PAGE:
Want to make your chicken taste extra delicious? You might need to feed it gourmet cuisine from some of New York City’s finest restaurants.
At least that’s what several elite chefs are hoping.
According to The New York Times, several high-end eateries, including Per Se, Daniel, Gramercy Tavern, The Modern and David Burke Townhouse, have taken on a gourmet experiment of sorts by feeding a select group of chickens scraps from their establishments. This week, diners will be able to feast on the birds at the very restaurants that fattened them up.
The goal? To rediscover "what chicken should taste like," the Times learned from Ariane Daguin, the businesswoman backing the idea.
“When I tasted it, I was like, ‘Whoa,’" chef Jean-Georges Vongerichten told the paper. Fellow chef Daniel Humm reportedly consumed an entire chicken in one sitting.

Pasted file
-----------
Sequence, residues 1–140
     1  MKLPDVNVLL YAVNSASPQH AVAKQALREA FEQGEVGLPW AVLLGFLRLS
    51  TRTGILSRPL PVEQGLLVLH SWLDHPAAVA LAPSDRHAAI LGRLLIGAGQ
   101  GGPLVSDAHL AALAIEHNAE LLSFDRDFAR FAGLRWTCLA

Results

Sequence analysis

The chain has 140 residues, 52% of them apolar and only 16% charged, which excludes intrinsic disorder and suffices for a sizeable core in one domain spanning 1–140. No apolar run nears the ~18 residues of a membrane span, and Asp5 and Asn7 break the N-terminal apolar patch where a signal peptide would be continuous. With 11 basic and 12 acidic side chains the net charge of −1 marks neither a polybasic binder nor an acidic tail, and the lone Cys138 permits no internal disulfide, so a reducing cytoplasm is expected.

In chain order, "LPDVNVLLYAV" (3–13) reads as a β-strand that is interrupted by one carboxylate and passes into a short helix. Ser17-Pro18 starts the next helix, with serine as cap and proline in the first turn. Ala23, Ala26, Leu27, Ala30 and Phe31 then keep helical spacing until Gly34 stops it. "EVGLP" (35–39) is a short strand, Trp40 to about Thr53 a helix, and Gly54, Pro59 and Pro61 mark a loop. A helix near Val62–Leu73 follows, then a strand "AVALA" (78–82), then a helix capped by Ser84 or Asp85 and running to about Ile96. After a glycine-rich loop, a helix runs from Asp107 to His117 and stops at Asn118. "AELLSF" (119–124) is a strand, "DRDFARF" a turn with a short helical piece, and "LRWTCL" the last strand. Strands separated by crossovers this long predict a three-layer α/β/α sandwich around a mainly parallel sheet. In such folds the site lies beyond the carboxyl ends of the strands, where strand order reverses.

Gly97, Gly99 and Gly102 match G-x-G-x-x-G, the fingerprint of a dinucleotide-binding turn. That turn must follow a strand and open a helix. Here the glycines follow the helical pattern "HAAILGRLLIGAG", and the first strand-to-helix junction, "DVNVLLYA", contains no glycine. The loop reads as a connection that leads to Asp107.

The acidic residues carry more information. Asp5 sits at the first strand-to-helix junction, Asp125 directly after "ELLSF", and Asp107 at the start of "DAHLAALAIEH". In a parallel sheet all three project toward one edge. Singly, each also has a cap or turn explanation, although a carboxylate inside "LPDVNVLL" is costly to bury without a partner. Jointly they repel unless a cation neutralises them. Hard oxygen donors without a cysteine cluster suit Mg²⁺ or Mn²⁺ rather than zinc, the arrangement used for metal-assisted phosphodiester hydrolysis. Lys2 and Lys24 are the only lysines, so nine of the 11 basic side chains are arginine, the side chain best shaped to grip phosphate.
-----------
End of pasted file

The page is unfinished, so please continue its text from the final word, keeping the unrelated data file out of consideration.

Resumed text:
The chickens, a French breed not commonly found in the U.S., live in a spacious coop, where they savor “pans of bread soaked in fresh milk, and white buckets full of leafy trimmings that would make a tremendous tossed salad,” the Times writes.
Daguin, who has put $250,000 into the experiment, plans on taking things a step further, separating the chickens into different groups where they will feed on the scraps from each restaurant. A Gramercy Park Tavern bird will be fed scraps from Gramercy Park Tavern, for example.
Chef David Burke said he views the experiment as “a weird competition” between the restaurants.
“It’s like, ‘My chicken eats better than yours,’” said Burke. “At least that’s how I’m looking at it. I’m going to spoil my chicken like a pet."